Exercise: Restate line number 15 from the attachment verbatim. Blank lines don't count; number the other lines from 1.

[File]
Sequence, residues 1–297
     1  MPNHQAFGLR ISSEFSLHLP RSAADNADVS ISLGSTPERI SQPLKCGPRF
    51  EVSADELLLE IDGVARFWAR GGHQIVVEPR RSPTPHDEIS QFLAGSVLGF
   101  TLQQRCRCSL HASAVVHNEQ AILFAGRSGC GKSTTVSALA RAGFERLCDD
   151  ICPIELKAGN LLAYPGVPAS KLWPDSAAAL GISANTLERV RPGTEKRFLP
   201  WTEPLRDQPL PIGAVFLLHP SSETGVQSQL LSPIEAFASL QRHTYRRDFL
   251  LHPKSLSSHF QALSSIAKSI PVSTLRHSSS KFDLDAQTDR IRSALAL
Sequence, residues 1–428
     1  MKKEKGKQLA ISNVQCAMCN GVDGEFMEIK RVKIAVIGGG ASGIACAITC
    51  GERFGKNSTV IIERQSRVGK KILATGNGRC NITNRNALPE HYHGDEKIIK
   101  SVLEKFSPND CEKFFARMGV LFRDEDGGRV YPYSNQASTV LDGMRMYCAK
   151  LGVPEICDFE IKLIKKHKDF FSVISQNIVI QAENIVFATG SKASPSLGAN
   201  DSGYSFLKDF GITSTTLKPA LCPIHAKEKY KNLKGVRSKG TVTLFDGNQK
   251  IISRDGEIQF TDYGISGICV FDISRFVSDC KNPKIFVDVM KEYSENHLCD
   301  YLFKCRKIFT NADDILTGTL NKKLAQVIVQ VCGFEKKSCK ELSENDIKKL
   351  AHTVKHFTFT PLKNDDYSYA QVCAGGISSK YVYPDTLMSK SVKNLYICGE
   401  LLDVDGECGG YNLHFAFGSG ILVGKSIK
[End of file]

   301  YLFKCRKIFT NADDILTGTL NKKLAQVIVQ VCGFEKKSCK ELSENDIKKL